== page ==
What is multicloud?
Multicloud—the use of cloud services from two or more vendors—gives organizations flexibility to optimize performance, control cost and avoid vendor lock-in
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What is multicloud?

Multicloud is the use of cloud services from more than one cloud vendor. It can be as simple as using software-as-a-service (SaaS) from different cloud vendors–e.g., Salesforce and Workday. But in the enterprise, multicloud typically refers to running enterprise applications on platform-as-a-service (PaaS) or infrastructure-as-a-service (IaaS) from multiple cloud service providers, such as Amazon Web Services (AWS), Google Cloud Platform, IBM Cloud and Microsoft Azure.

multicloud solution is a cloud computing solution that's portable across multiple cloud providers' cloud infrastructures. Multicloud solutions are typically built on open-source, cloud-native technologies, such as Kubernetes, that are supported by all public cloud providers. They also typically include capabilities for managing workloads across multiple clouds with a central console (or 'single pane of glass'). Many of the leading cloud providers, as well as cloud solution providers such as VMware, offer multicloud solutions for compute infrastructure, development, data warehousingcloud storageartificial intelligence (AI) and machine learning (ML), disaster recovery/business continuity and more.

Value and benefits of multicloud

The overarching value of multicloud to the enterprise is that it prevents ‘vendor lock-in’, performance problems, limited options, or unnecessary costs resulting from using only one cloud vendor. A multicloud strategy offers organizations:

  • Flexibility to choose cloud services from different cloud providers based on the combination of pricing, performance, security and compliance requirements, geographical location that best suits the business

  • Ability to rapidly adopt “best-of-breed” technologies from any vendor, as needed or as they emerge, rather than limiting customers to whatever offerings or functionality a single vendor offers at a given time

  • Reduced vulnerability to outages and unplanned downtime because an outage on one cloud won’t necessarily impact services from other clouds

  • Reduced exposure to the licensing, security, compatibility and other issues that can result from “shadow IT”–users independently signing up for cloud services that an organization using just one cloud might not offer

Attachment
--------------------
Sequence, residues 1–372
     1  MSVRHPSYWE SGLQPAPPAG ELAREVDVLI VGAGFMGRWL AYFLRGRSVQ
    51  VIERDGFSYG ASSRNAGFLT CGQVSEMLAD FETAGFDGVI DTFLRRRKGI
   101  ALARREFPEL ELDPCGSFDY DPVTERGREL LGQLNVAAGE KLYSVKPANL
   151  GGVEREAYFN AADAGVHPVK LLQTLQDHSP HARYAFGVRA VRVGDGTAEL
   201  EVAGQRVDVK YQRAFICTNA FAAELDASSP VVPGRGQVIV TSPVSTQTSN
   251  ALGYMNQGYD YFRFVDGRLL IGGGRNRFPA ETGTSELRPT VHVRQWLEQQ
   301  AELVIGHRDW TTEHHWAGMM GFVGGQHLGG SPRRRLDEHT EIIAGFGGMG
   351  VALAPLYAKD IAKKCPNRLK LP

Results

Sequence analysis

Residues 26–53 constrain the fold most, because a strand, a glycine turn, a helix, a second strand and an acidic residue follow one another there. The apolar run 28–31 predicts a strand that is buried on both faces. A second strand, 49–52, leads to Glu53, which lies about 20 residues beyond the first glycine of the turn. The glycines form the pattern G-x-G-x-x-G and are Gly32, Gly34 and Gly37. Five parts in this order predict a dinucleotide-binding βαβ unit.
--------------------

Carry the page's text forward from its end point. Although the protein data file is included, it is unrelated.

Multicloud management

The key to maximizing the benefits of a multicloud architecture is to manage applications and resources across the multiple clouds centrally, as if they were part of a single cloud. But multicloud management comes with multiple challenges including:

  • Maintaining consistent cloud security and compliance policies across multiple platforms

  • Consistently deploying applications across target environments (e.g., development, staging, and production) and various hosting platforms

  • Federating and visualizing events from logging and monitoring tools to achieve a singular view and configure consistent responses

Organizations use multicloud management tools–or preferably, a multicloud management platform–to monitor and manage their multicloud deployments as if they were a single cloud environment. The best multicloud management platforms typically offer:

  • Visibility into, and control over, any cloud resource, including IaaS, PaaS and SaaS offerings and associated data storage and networking resources across public cloud, private cloud and edge deployments

  • Analytics and/or artificial intelligence (AI) capabilities, including artificial intelligence for operations (AIOps). AIOps uses AI and machine learning to sift through the 'noise' of data for metrics, telemetry, that the organization can use to streamline operations, predict availability or performance issues and even automate corrective actions across the multicloud infrastructure
Multicloud, hybrid cloud and hybrid multicloud

Hybrid cloud is the use of both public cloud and private cloud environments, with management, orchestration and portability between them that enables an organization to use them as a single, unified, optimized IT infrastructure.

Multicloud and hybrid cloud are not mutually exclusive. In fact, most enterprise hybrid clouds are hybrid multiclouds, in that they include public or private cloud services from at least two cloud service vendors.

Hybrid multicloud builds on multicloud benefits with:

  • Improved developer productivity: Hybrid multicloud both enables and is enabled by Agile and DevOps development methods and cloud-native application technologies such as microservices architecture, containers and serverless computing

  • Enhanced security and regulatory compliance: In addition to providing multicloud's broad access to top security and compliance technologies, hybrid multicloud provides the flexibility deploy and scale sensitive data or highly regulated workloads in the most secure and compliant ways, and the convenience of implementing security and compliance consistently across all cloud services, cloud vendors and cloud environments

  • Greater efficiency and spend optimization: Beyond the flexibility to choose the most cost-effective cloud service, hybrid multicloud provides the most granular control over where workloads are deployed and scaled, enabling organizations to further improve performance (e.g., deploy closer to users to reduce latency) and optimize spend. Hybrid cloud also helps companies modernize existing applications faster, and connect cloud services to data on cloud or on-premises infrastructure in ways that deliver new value.
Learn more about hybrid cloud
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